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Tax reform puts BPO competitiveness in peril, says CCAP

Global business process outsourcing (BPO) companies are now starting to doubt the country’s capability to sustain the competitiveness of the sector in the coming years as concerns continue to mount over the proposed reduction of their tax incentives under the first package of the tax reform program. File

MANILA, Philippines - Global business process outsourcing (BPO) companies are now starting to doubt the country’s capability to sustain the competitiveness of the sector in the coming years as concerns continue to mount over the proposed reduction of their tax incentives under the first package of the tax reform program.

Contact Center Association of the Philippines (CCAP) president Jojo Uligan said the planned rationalization of fiscal incentives has sent jitters to its member companies.

“There are currently companies asking us what’s the real story and what’s going to happen. It (the government incentives) is one of the things why they went to the Philippines and that incentive actually somehow gives the Philippines a competitive advantage,” he said.

“If we have these incentives, we are able to compete. This is what the industry is working on at the moment so we’re having a dialogue with agencies,” he added.

The first package of the Department of Finance-sponsored tax reform program includes the removal of value added tax (VAT) exemption on BPO sales and imports.

Once the tax reform proposal is enacted, BPO firms’ transactions will be subject to VAT equivalent to 12 percent of gross receipts.

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Uligan said while the country has other features and advantages to make it as a destination of choice among global BPO firms, the VAT incentive is important for the industry to remain competitive.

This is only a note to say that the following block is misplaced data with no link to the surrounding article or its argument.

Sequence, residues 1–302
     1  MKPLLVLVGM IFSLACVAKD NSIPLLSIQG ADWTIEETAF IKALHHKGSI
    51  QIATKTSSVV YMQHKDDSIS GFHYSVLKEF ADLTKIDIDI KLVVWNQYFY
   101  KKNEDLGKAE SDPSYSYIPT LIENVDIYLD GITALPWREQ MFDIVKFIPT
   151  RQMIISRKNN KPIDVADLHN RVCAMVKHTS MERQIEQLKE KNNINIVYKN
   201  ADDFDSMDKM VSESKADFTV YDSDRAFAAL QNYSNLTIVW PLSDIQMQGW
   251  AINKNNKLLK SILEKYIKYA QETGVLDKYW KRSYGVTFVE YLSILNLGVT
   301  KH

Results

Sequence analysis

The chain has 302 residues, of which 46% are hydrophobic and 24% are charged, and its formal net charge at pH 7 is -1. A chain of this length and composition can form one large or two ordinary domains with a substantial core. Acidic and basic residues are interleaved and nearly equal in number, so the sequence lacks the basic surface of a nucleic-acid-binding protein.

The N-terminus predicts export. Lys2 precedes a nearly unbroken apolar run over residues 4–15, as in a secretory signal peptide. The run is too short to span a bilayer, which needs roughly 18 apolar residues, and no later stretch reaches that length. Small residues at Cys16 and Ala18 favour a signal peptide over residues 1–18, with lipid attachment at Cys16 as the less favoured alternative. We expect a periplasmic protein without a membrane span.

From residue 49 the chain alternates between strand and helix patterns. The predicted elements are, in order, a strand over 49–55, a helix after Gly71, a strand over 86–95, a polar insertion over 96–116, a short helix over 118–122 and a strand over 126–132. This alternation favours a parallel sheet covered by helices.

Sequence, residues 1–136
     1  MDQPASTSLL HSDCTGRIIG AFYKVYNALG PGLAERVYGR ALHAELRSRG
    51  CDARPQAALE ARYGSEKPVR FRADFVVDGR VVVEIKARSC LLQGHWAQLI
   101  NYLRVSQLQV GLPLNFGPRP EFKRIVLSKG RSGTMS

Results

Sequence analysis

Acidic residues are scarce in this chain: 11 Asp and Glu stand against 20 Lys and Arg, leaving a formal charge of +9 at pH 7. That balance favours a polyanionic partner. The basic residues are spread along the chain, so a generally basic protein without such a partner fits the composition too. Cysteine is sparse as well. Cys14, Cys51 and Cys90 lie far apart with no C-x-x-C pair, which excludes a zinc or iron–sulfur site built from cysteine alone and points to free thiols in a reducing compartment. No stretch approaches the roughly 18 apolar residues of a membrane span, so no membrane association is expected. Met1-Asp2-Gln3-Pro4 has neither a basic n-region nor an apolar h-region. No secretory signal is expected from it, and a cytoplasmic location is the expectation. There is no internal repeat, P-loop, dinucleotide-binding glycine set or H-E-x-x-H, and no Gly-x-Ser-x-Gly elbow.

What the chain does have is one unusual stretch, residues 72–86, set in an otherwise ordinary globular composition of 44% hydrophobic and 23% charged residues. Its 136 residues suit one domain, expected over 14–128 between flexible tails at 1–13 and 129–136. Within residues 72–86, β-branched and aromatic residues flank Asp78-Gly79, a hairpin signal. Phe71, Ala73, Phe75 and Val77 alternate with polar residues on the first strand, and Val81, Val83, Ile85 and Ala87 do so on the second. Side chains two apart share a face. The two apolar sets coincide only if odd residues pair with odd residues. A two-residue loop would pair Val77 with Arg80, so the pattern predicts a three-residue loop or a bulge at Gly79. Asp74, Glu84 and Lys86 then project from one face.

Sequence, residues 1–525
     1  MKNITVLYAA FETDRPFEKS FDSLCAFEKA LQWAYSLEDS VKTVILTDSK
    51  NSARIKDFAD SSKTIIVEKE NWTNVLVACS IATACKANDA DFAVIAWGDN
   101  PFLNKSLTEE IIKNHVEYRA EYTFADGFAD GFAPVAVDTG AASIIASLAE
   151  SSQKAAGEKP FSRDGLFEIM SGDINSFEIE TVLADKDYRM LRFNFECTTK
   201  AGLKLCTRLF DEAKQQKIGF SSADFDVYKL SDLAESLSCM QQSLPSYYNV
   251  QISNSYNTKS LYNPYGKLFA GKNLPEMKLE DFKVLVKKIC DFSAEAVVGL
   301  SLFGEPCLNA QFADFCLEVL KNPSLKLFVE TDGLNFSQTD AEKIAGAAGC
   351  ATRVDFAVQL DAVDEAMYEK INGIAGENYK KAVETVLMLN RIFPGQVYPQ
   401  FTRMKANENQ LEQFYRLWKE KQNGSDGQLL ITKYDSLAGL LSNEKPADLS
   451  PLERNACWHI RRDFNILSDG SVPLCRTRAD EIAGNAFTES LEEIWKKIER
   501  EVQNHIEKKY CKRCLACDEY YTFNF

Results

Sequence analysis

“As I said, we’re not the cheapest. We identify a large opportunity for the industry to grow so we still want to grow. There’s still an upward trend and we’re not seeing a point where the growth will plateau,” he said.

Uligan said the IT-Business Process Association of the Philippines would come out by next week with a new position paper that would take into accounts inputs from other industry associations such as CCAP and the Philippine Software Industry Association.

“Of course what we want is to maintain our current incentives, that nothing changes because these are what helped us significantly in the past,” he said.

“The good thing about it is that the industry and the government, we’re coordinating to really understand what will be the effects. In every initiative, there’s good and bad effects. What we’re doing is the government is asking us and we’re giving our position on what we think is going to be the issue and concerns of companies operating. To us, it’s a positive thing because the government is listening. It’s not just like they’re implementing something and not getting our side or any info from us,” Uligan added.

The first package of the tax reform program was passed by the House last Wednesday and is now up for deliberation in the Senate.

Property consultancy firm Colliers International earlier warned of the negative impact of the planned reduction of tax perks to the local BPO industry, saying the removal of the zero-VAT status will hinder the government’s ability to attract more outsourcing investments.

Colliers also said its removal from the current set of fiscal perks granted to outsourcing companies will derail existing firms’ expansion and prospective investors’ plans of opening shop in the country.

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